by Fred Nachbaur, Dogstar Music ©1998, 2000


Figure 8 shows a few other options for the basic preamp circuit. This was originally intended as an Appendix, but it's sufficiently important to be included in this discussion of the "Quasi-opamp Tube Preamp." You could design any number of stand-alone applications for this device, the ones provided here are just a few examples of the possibilities.

Fig. 8: Other Uses for the Preamp Module
Fig. 8: Other Applications for the Preamp Module

You might have an old reel-to-reel in a closet somewhere. If not, keep an eye out at the second- hand stores; these can often be picked up for a song. The biggest drawback with many of these is the early transistor playback preamps, especially the ones that use germanium transistors. Replace the playback amp with the variation shown in Fig. 8a. Note that for proper equalization at both speeds (3-3/4 and 7-1/2 ips) you'll need to switch between two different values for CNAB.

The NAB tape standard is even simpler than the RIAA phono spec, consisting essentially of a 6 dB per octave de-emphasis. Again, we use the preamp in open-loop mode at low bass frequencies, and again we use a low value of Ri to maximize our bass response.

Fig. 8b shows a preamp for high-impedance, single-ended dynamic microphones. It is similar to our Mic/Line mode, except that the fixed gain simplifies construction for standalone projects. Add an impedance-matching transformer, and the circuit is usable with low-impedance microphones.

Fig. 8c shows a application of the differential input capability of our preamp. This is for balanced, low impedance microphones. Note that this is a transformer-less circuit, and therefore offers a significant improvement over Fig. 8b. However, the circuit's shortcomings should be pointed out: First, as mentioned earlier, the common-mode rejection ratio of this circuit is nothing to write home about, and so it will not be suitable if your microphone is connected via a long cable run near stage lighting cables, etc. Secondly, the microphone element will be sitting at about 25 volts DC relative to system ground. A dedicated balanced mic tube preamp that avoids these shortcomings would not be difficult to design, I'd consider taking on such a project if the interest is there.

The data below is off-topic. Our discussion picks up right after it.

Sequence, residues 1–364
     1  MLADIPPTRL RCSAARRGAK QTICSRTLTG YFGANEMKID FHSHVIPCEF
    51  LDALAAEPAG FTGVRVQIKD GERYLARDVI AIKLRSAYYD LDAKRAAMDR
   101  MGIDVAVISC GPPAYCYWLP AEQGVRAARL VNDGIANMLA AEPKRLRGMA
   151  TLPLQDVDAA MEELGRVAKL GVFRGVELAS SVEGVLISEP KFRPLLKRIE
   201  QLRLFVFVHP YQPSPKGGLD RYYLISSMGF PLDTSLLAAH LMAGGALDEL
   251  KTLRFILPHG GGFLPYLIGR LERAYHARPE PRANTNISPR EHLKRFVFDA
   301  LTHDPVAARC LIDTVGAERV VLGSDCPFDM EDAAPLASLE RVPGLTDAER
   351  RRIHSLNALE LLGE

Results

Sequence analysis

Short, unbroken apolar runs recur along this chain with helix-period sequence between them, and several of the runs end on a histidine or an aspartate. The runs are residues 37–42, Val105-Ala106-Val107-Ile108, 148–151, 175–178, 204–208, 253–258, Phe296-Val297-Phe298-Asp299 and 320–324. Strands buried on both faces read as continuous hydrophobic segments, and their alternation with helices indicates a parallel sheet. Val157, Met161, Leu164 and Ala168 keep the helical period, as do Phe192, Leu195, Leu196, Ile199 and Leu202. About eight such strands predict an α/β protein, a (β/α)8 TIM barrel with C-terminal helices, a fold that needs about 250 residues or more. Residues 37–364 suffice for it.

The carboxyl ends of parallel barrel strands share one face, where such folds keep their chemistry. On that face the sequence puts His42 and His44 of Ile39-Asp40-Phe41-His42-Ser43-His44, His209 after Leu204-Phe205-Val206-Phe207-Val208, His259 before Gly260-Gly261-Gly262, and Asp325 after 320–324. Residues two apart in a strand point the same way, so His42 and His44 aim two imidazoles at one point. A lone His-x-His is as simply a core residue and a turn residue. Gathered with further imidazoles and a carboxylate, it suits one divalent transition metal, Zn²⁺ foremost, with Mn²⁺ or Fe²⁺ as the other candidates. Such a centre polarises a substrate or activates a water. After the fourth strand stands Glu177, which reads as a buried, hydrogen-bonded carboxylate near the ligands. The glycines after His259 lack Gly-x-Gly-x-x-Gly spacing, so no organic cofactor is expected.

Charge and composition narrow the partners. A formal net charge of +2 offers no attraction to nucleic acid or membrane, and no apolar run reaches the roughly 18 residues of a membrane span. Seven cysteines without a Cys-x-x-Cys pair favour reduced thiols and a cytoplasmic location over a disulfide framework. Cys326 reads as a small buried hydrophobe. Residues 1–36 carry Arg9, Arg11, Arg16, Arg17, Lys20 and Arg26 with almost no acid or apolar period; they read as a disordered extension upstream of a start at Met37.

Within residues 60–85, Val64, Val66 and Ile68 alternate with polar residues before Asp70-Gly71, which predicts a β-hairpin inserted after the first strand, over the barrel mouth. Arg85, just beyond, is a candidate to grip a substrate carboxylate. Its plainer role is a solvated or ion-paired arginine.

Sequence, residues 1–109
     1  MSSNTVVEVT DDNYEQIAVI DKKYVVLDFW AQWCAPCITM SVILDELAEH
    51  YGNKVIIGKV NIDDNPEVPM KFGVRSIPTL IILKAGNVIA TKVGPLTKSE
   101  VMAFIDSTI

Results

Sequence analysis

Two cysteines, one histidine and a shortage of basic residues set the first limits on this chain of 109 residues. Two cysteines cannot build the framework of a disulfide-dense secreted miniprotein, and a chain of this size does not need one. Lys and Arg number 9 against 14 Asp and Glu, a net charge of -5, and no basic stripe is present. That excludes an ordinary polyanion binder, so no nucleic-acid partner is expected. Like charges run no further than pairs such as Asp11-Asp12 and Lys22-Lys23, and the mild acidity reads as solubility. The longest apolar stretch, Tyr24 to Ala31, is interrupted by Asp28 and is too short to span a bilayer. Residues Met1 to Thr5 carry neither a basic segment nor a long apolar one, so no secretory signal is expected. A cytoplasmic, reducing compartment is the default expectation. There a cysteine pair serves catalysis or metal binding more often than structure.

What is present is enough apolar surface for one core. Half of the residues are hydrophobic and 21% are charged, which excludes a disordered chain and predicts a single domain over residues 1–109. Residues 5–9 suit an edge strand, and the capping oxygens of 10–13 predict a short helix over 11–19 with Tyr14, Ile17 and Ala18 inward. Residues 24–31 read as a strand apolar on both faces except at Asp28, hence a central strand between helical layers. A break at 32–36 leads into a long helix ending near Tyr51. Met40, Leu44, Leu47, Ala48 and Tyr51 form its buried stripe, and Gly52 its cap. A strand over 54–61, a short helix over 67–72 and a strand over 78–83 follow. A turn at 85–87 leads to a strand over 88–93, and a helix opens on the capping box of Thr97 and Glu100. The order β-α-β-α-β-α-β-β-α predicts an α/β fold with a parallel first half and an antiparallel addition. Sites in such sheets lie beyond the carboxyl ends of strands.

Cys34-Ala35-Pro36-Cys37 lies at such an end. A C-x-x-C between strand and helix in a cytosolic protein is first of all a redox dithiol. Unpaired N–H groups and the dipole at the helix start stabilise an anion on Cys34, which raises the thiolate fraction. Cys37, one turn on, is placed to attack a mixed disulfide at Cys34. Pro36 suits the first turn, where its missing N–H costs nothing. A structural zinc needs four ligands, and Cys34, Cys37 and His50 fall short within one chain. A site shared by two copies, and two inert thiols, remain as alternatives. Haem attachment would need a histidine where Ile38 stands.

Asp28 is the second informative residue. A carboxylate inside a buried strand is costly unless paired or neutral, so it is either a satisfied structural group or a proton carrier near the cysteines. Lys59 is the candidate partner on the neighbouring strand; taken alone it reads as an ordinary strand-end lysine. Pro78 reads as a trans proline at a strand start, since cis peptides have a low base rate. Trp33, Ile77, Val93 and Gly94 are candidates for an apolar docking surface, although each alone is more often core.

Finally, Fig. 8d shows a "spring reverb" driver. The transformer can be a small output transformer, such as might be salvaged from an old tube radio. A turns ratio of about 25:1 (corresponding to an impedance ratio of 5000 ohms to 8 ohms or thereabouts) would be fine. The first preamplifier (e.g. "left") amplifies your instrument's output with enough drive to run the reverb input transducer via the matching transformer. The second preamplifier (e.g. "right") amplifies the much lower voltage appearing at the reverb's output transducer. Separate gain controls allow you to mix "dry" and "reverb" signals to your heart's content. The resistor values are given as a starting point; depending on the instrument and your particular spring reverb assembly, you might have to trim values to suit. As shown, there should be enough gain to allow you to distort either signal by overdriving the preamp sections.

Incidentally, because of the unique DC feedback system, the clipping characteristics of this circuit are quite a bit different than what you might be used to, even compared to other tube circuits. The author has not experimented with the fine points of this, so the field is ripe for experimentation in this area.

Preamp board layout
A trippy view of the Preamp PCB layout


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